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Action Pack Controller Creation

In this fifth part of a multi-part series on the Action Pack library for Rails, you will learn how to configure routes for the event manager, and how to generate a controller. This article is excerpted from chapter six of the book Beginning Rails: From Novice to Professional, written by Jeffery Allan Hardy, Cloves Carneiro Jr. and Hampton Catlin (Apress; ISBN: 1590596862).

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By: Apress Publishing
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March 07, 2011
  1. · Action Pack Controller Creation
  2. · Generating a Controller

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Action Pack Controller Creation - Generating a Controller
(Page 2 of 2 )

Itís time to create our first controller from scratch. If you havenít noticed already, Rails ships with generators for most common tasks, and controllers are no exception. The syntax for the controller generator is as follows:

$ ./script/generate controller ControllerName [actions] [options]

As a minimum, the controller generator takes the name of the controller as an argument, which you can specify using either CamelCase (sometimes called MixedCase) or underscore_case. The generator also takes an optional list of actions to generate. For every action you specify, youíll get an empty method stub in the controller and a template inapp/views/#{controller_name}. To see a list of all available options, you can run the generator without arguments.

Tip  The help output for the controller generator contains sample usage and options that youíre sure to find interesting. All of the generators (and most UNIX commands, for that matter) respond to the--helpargument (or variations thereof), so youíre encouraged to try it whenever youíre issuing a system command.

Generate the Users controller using the following command:

$ ./script/generate controller Users

exists  app/controllers/
exists  app/helpers/
create  app/views/users
exists  test/functional/
create  app/controllers/users_controller.rb
create test/functional/users_controller_test.rb
create  app/helpers/users_helper.rb

Take the time to read the output of the generator so you get a sense of all the files that were just created. Notice where the templates are located: in theapp/viewsdirectory, inside a subdirectory named for controller. In this case, since our controller is calledusers, our templates go insideapp/views/users. Letís open the newly minted controller file and have a look:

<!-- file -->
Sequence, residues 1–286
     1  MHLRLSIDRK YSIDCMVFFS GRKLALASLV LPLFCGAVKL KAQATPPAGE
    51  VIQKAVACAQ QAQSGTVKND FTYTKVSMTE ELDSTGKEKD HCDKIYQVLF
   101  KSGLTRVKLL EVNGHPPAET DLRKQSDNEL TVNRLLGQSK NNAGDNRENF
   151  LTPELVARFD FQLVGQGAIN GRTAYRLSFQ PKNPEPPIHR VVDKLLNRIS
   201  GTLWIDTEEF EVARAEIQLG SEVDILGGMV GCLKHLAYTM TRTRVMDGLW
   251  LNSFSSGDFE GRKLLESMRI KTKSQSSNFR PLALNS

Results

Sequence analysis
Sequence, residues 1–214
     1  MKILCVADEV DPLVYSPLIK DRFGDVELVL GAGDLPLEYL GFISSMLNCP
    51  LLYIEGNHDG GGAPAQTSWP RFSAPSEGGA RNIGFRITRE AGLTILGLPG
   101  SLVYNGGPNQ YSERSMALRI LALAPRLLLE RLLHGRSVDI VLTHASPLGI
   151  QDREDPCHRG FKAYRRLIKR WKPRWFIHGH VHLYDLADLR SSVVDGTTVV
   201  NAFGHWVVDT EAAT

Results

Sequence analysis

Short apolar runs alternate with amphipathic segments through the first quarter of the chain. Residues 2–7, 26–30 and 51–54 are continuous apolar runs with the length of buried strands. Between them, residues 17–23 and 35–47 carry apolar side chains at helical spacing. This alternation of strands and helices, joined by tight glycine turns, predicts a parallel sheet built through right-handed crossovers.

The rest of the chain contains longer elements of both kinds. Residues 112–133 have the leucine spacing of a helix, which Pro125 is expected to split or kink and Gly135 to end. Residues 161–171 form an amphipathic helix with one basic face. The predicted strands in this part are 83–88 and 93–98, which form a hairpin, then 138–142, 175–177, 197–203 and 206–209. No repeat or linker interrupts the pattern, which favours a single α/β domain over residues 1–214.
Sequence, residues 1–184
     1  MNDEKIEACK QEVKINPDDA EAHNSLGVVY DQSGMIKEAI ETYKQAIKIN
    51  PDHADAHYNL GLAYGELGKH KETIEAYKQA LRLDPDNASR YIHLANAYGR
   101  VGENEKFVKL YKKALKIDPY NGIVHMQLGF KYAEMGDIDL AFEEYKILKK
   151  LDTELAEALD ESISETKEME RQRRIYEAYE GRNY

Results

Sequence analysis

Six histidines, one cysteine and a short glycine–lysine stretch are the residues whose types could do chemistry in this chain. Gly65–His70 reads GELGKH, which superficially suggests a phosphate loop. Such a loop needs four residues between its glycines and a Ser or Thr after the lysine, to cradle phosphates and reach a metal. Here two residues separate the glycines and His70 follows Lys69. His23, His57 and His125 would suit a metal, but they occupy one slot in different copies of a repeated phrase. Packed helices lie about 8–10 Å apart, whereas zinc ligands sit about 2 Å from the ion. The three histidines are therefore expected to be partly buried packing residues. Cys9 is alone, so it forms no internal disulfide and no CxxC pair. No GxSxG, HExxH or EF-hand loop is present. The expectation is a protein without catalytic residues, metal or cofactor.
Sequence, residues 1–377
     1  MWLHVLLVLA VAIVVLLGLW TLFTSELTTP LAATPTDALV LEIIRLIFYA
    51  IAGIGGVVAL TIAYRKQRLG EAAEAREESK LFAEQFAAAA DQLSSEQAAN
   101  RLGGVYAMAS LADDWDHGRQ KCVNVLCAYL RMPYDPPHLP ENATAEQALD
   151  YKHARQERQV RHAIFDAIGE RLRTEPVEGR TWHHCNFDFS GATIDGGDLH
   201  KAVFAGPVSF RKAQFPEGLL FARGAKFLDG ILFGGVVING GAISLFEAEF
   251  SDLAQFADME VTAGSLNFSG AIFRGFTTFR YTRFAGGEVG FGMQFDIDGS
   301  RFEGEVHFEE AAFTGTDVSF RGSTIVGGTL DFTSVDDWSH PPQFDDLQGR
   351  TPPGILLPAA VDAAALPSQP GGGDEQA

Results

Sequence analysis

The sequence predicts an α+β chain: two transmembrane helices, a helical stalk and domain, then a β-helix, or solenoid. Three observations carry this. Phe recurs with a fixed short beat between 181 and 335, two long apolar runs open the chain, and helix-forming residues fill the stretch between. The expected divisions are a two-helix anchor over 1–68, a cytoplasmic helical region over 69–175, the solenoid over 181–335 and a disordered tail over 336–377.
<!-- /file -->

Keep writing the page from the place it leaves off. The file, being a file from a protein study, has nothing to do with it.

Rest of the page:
class UsersController < ApplicationController

Tip  Itís a convention in Rails that controller names should always be plural.

As you can see, all the generator gives us is an empty stub. If we want ouruserscontroller to do anything useful, weíll need to add an action and give it something to do. Letís create the first action on the controller now. Editusers_controller.rbso that it looks like Listing 6-2.

Listing 6-2. Updated app/controllers/users_controller.rb

class UsersController < ApplicationController
  def new
    @user = User.new

Before our action renders a view, we arrange for it to set an instance variable that the view can use. Just to refresh your memory, an instance variable is a special kind of Ruby variable that is unique to a given instance of a class, serving as a way for an object to maintain its state. Since views are, in essence, an extension of the controller object, they can access its instance variables directly (though not without some behind-the-scenes Ruby magic that Rails takes care of for you). For all intents and purposes, however, you can consider instance variables shared between controllers and views.

You can store any Ruby object in an instance variable, including strings, integers, models, hashes, and arrays. Since we want to initialize a new user, weíve created an instance variable called@userand hydrated it with a new instance of theUser model. If you recall from the Chapter 4, thenewmethod returns a new, unsaved object.


If youíre the curious sort (and, of course, you are), you might be wondering how the UsersController, a seemingly normal Ruby class, becomes a full-fledged Action Controller. Well, if you look closely, youíll notice that UsersController inherits from another class:
ApplicationController. In order to get a better picture of whatís going on, letís take a peek at
the ApplicationController class in app/controllers/application.rb.

class ApplicationController < ActionController::Base

The mystery is quickly solved. Our simple controller becomes an Action Controller by subclassing the ApplicationController class, itself a subclass of ActionController::Base. This is an example of inheritance and is common in object-oriented programming. When one class subclasses another, it inherits all the behavior and methods of the parent. In the case of our users controller, it inherits all the capabilities of the application controller. Likewise, ApplicationController inherits all the
capabilities of its parent, ActionController::Base. Itís the ActionController::Base class that effectively endows our users controller with its special abilities.

The application controller is the base from which all the controllers you make will inherit. Since itís the parent of all controllers in your application, itís a great place to put methods that you want accessible in every controller.

Please check back for the continuation of this series.
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